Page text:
This race was supposed to be the second part of a recovery experiment I had been working on for a few years, but since I had to drop out of Ogden, all that went out the window. The initial plan was to race Ogden at a hard effort, follow a planned recovery regimen and then two weeks later race Utah Valley at another hard effort and see if I could produce the same finish times. In other words, could I plateau my fitness to hold hard efforts that close together. The courses looked similar enough (and they are), and the marathons were both local for low expenses. I couldn’t do this in training because I don’t have the funds to set up race “simulations” and I needed verifiable results, so these particular races back to back were my best option.
I dropped out of Ogden at the halfway point because I had been vomiting and felt something was really wrong. I made the decision a little before the mile 11 marker, but needed to get somewhere where I could find a ride back. Long story short, I had irritated my stomach ulcer. It sounds worse than it is, but there are levels and having pushed too far in the past I knew I made the right decision to drop out. That being said, I was really disappointed and frustrated that my experiment was ruined. I didn’t know if the opportunity would come up again, and even if it did, I wanted to be done racing so often. I wasn’t sure if I should even bother doing Utah Valley anymore. Even if I healed enough physically to be able to run it, I knew racing it was almost assuredly out. It took me about 20 minutes to decide what I was going to do, because what if…
It was – racing was definitely out of the question. But I didn’t know that for sure until race morning. No matter what the odds are, I will always hope for the best possible outcome.
The two weeks in between Ogden and Utah Valley were a little rough as far as my running life went. I was frustrated, sad, and unmotivated (and it wasn’t just because I couldn’t have coffee). But I knew I had to get those runs and workouts in, give Utah Valley a go, and move on with Chicago training or else I was going to spiral into a funk. I was reminded of Scott Jurek’s book when he would say, “Sometimes you just do things!” This was one of those times.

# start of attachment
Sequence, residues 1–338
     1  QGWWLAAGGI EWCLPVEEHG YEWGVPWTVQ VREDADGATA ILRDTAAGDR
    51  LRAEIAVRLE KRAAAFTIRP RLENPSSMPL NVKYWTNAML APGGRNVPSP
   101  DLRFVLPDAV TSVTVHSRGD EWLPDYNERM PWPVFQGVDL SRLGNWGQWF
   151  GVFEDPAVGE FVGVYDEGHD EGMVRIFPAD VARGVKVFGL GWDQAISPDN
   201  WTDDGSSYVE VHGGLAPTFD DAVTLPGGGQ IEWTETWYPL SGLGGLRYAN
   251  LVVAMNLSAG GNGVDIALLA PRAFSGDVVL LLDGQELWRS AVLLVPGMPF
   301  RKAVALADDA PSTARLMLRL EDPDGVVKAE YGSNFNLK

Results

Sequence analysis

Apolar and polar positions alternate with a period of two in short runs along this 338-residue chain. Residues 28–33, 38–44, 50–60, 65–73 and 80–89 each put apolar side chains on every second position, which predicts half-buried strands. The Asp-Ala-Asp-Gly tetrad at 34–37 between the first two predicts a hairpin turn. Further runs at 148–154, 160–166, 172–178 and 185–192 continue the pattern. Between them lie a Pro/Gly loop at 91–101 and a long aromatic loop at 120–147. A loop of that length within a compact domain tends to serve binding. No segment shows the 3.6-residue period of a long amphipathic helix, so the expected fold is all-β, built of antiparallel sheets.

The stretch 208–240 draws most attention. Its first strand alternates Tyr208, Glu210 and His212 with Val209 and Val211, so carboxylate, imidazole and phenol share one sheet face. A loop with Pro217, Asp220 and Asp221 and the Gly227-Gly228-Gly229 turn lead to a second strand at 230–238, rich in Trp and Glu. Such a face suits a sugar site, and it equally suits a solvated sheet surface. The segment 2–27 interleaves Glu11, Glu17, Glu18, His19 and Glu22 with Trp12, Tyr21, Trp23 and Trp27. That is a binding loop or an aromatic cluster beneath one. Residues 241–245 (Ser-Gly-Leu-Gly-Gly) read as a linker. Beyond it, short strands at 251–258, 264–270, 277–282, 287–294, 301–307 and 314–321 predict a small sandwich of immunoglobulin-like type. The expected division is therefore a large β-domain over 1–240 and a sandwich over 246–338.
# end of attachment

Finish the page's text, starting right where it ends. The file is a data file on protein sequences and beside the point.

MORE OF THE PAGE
My alarm went of at 2:45 a.m. because the buses to the start started leaving at 3:15 (GEEZ!). Everything was pretty typical of a race morning, and the organization of the event seemed pretty good. I decided this marathon was all going to be about effort and I wouldn’t pay attention to the splits. My stomach had been feeling fine, but given the distance I wasn’t 100% sure it would be okay. There were definitely improvements made in the last two weeks, but I didn’t want to backtrack or run myself into the ground.
At 6:00 a.m. we were off and as I said, I simply went by effort. Rolled with the downhill for the first seven miles, tried to relax for the uphills in the middle, and did my best to focus on forward motion for the last six. Because it was a small marathon, the hardest part was not racing. I happened to be third until mile 18, but I couldn’t push to keep it. My stomach was okay, but I still felt it.
You read and are told that the gut is the core to your energy source, but reading and knowing is different than feeling. These past two weeks I could really feel that. My legs felt ready, and I realize that’s why I still thought I could maybe race, but the endurance and energy required for your body to perform at it’s best wasn’t there.
When I was able to see the finish line, I felt so grateful that everything went relatively well and it was almost over. I was reminded of why I love the marathon so much. Whether you finish in two hours or six, it’s hard. It will always be hard. I was advised not to do this marathon. It wouldn’t accomplish anything or help me achieve my running goals, and would reflect poorly on my “resume.” My response to that doesn’t need to be said here, but you can imagine. I will drop out or remove myself from the starting line if I am seriously ill or injured, but I will not throw in the towel because of a poor performance probability. Respect the distance. There’s no cherry picking and no guaranteed goal getting. If you’re not willing to be humbled, then the marathon is not for you. This one gave me my focus and motivation back.
Time – 3:03:45
42nd of 889 overall
5th of 375 female
1st of 54 in age group